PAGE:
Whatever feelings Leah still holds for Daryl, they take a back seat to her allegiance to the Reapers and Pope. We first see il padre consoling the “brother” of a dead Reaper who didn’t survive the run-in with Maggie’s crew. At first glance, he’s reminiscent of previous TWD big bads in that he’s not your typical villain: With a bald head, prominent ears, and a bushy mustache, Pope looks like a survivalist variant of Locke from Lost with a shaky Southern lilt. But unlike most of the power-hungry nutjobs roaming what’s left of the East Coast, Pope actually has a background suited to armed takeover. He’s ex-military, and the Reapers all met in Afghanistan (oddly enough, given the timing of this episode’s airdate and current events). He explains that they became mercenaries after coming home, adding that the “real dirty work started after the fall” of civilization. While bombs dropped and fires raged around them, his team took shelter in a church and survived unscathed. To Pope, that was a clear sign that God still exists and chose them for something special. It’s pretty batshit, but I guess a global zombie takeover on top of pre-existing PTSD will have that effect on people? There’s also something to the Reapers that feels a wee bit recycled — the cult-like following of the Governor, the masks of the Whisperers, the paramilitary vibe of Commonwealth.
As a final test to see if Daryl is indeed a worthy recruit, as Leah insists he will be, the Reapers push hazing to a new extreme by locking them both in a shed, which is then set ablaze. Daryl manages to break through a boarded-up window, push Leah to safety first, then escape before the whole thing goes up in flames. Leah knew this was a test all along, as she proves by calmly joining the audience of Reapers who watched her near-death experience. Pope — a name that’s a little too on-the-nose for the leader of a quasi-religious cult — heartily approves: “Forged by fire, ordained by God,” he announces to his platoon. “Welcome him!”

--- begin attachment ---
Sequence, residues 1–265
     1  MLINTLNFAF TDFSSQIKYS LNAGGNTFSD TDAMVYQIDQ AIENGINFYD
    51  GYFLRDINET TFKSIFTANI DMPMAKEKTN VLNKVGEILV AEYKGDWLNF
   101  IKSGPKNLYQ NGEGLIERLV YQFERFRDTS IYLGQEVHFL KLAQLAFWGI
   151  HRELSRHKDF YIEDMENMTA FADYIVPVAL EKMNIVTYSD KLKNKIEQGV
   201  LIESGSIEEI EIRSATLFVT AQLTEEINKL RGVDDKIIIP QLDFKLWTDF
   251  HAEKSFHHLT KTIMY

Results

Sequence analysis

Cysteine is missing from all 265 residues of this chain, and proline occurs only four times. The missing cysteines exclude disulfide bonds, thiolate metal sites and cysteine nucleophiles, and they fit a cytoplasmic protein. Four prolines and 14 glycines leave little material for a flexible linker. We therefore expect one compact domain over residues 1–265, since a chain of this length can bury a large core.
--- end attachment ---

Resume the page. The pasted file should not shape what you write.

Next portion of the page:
Pope and Daryl share a drink and a smoke and some quality time at the Reaper Bonfire Jamboree, though all the while, the look on Daryl’s face suggests he’s thinking, “What in holy hell have I gotten myself into?” Little does he realize the worst is yet to come. Pope is a little too excited about Daryl’s trial by fire and a little too curious about the circumstances of the Reaper he consoled earlier. While Daryl put Leah’s life ahead of his own, evidence suggests this Reap turned his back on his fallen comrade. Pope’s punishment: Shoving the guy into the bonfire (a little too easily for a hardened soldier) and stomping his face into the embers. Our punishment is a closeup of the dude’s face frying and the sounds of his flesh roasting. You figured the Reapers must be a tough fraternity to join, but they take the “death before dishonor” pledge very seriously.
As Pope yells, “We are the chosen ones! We run into the fire!” Daryl can’t decide where to fix his stunned gaze — the Reaper flambé at his feet, this wack-job commando captain, or his ex-girlfriend who calls these people her “family.” Whenever Connie returns, she should have no competition for Daryl’s affection now. And difficult as it is to say this, let’s address the real elephant in the room here: If Dog is really on Team Leah, maybe he’s not the good boy we thought he was.